Tag Archives: us census

Five Fact Friday #13

Five random facts for Friday:

Coresight Research, which tracks retail store openings and closings, projects that a record 25,000 stores will close in 2020 — up from its pre-pandemic estimate of 8,000. The prior record was last year, when 9,800 stores closed. – Axios

Adolphus Busch, Arthur Ashe and Nikola Tesla were born on July 10. More importantly, so was my mom. Cleveland.com

There are 50.8 million students in 91,276 public schools in 13,598 school districts in the US. Not many of them know right now what their school experience will look like in roughly six weeks. – Education Week

The heaviest freshwater fish caught in North Carolina was an 88 pound smallmouth buffalo. It was caught in Lake Wylie in 1993. – NC Wildlife Resources Commission

In 2010 the US resident population was 308,745,538 (87.4 people per square mile), in 1910 it was 92,228,496 (26 per square mile) and in 1810 it was 7,239,881 (4.3 per square mile). – US Census

 

Census Response Rate Map – Forsyth County’s Response Better Than Guilford’s

If you're interested in how many people are actually sending in their completed 2010 Census forms there's a handy-dandy map to use right here. FYI, 16% of US citizens have sent the forms in so far, but in NC only 10% have done so.  In 2000 72% of US citizens completed the Census when all was said and done, and 66% of North Carolinians did so it looks like we're keeping to our underachieving ways.

FYI, according to the map Forsyth County's response rate is currently 15% while Guilford County's is 13%, Mecklenburg County's is 12% and Wake County's is a paltry 4%.

About That Census Data

You know how we read articles about the results of studies and carrying headlines like "In 2020 Number of Octogenarian Turtle Farmers Will Outnumber Septuagenarian Muskrat Herders."  Many of those studies use data sub-sets of the US Census that are made publicly available by the US Census Bureau for exactly that purpose.  The problem is that those data sub-sets have some glaring errors:.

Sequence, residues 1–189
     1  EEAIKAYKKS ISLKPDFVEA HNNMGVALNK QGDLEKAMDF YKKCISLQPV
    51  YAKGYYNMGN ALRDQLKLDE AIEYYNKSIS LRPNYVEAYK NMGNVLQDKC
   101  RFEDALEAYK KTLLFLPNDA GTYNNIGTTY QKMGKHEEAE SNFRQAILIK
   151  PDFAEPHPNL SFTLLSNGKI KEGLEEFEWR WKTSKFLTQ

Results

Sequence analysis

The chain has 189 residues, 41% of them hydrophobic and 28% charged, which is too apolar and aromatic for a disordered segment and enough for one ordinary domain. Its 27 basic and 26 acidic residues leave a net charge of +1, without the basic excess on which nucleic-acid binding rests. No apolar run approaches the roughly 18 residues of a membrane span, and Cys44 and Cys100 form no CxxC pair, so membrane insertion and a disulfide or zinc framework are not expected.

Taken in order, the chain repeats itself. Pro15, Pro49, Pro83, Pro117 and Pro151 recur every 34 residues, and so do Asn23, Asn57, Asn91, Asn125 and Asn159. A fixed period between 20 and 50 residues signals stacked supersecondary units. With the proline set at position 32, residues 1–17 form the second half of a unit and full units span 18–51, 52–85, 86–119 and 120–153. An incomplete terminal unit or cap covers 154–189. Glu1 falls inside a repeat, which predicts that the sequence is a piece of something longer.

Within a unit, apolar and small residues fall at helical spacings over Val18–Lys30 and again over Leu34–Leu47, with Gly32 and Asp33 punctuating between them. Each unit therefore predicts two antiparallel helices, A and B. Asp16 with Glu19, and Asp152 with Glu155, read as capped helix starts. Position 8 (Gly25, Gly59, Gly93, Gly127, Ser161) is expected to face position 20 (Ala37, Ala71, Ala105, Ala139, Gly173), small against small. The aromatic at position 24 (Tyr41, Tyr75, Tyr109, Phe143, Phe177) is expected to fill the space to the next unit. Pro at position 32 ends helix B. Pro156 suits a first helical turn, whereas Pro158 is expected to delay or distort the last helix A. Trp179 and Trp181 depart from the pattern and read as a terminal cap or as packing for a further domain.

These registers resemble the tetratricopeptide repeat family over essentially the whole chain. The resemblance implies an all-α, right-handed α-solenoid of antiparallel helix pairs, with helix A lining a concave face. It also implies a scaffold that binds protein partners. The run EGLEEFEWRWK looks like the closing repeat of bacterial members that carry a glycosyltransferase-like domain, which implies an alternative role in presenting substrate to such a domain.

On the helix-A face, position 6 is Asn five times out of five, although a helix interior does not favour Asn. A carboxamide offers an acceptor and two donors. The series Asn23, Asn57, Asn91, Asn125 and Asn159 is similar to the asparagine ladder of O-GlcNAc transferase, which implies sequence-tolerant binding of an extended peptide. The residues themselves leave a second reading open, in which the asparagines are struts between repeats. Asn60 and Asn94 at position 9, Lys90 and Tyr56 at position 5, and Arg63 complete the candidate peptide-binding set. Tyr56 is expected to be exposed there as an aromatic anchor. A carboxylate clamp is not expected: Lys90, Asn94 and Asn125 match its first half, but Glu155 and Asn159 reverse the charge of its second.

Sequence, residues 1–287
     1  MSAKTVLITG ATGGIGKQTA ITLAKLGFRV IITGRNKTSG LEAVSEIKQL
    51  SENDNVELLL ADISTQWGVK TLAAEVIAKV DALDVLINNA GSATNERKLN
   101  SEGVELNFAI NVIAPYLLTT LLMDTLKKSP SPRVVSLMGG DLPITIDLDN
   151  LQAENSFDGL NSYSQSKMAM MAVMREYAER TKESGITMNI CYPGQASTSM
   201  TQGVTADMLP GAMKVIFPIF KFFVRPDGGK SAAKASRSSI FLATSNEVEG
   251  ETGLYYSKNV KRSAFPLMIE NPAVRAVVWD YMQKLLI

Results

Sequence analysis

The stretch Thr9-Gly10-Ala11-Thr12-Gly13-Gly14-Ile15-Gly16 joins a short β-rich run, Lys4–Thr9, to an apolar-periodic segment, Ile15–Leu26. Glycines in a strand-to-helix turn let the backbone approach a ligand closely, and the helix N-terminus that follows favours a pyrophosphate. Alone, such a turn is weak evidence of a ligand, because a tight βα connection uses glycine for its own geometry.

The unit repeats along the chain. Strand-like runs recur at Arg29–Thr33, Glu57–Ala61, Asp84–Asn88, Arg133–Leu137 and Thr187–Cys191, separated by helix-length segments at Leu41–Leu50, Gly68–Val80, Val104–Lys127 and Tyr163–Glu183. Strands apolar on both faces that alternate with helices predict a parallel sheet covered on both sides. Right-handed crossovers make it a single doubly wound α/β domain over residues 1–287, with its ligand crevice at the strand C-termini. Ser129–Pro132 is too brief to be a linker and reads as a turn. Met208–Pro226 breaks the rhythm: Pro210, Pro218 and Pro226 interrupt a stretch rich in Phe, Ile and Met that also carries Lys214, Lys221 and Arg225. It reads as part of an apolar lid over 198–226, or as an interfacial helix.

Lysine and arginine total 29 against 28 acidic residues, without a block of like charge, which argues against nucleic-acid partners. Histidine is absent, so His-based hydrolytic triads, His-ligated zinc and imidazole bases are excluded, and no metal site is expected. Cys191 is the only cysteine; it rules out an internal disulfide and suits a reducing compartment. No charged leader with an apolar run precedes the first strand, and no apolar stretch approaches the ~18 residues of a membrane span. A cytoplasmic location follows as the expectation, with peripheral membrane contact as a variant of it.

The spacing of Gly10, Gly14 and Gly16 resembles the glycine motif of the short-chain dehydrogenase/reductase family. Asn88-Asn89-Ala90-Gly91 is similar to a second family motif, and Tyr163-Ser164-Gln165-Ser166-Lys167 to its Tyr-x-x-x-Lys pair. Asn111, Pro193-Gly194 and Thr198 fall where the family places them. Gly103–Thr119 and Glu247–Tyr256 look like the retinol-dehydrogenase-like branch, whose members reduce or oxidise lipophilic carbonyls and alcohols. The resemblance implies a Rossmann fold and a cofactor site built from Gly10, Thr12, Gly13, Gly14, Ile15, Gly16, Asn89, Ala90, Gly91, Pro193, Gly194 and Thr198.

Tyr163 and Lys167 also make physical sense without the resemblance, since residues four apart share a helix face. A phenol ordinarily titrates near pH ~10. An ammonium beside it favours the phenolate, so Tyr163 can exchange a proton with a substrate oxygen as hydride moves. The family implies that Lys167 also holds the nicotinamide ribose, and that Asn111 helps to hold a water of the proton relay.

The errors are documented in a stunningly straightforward manner. The authors compare the official census count (based on the tallying up of all Census forms) with their own calculations, based on the sub-sample released for researchers (the “public use micro sample,” available through IPUMS). If all is well, then the authors’ estimates should be very close to 100% of the official population count. But they aren’t...

These microdata have been used in literally thousands of studies and countless policy discussions. While the findings of many of these studies aren’t much affected by these problems, in some cases, important errors have been introduced. The biggest problems probably exist for research focusing on seniors. Yes, this means that many of those studies of important policy issues—retirement, social security, elder care, disability, and medicare—will need to be revisited.

It's kind of hard to make good policy decisions if they're based on inaccurate information.  Still, no one is disputing the accuracy of the census itself which is important to remember as we gear up for the 2010 count.  Hopefully The Census Bureau will be diligent in making sure that the data sub-sets that are generated from the new count are far more accurate than the 2000 versions.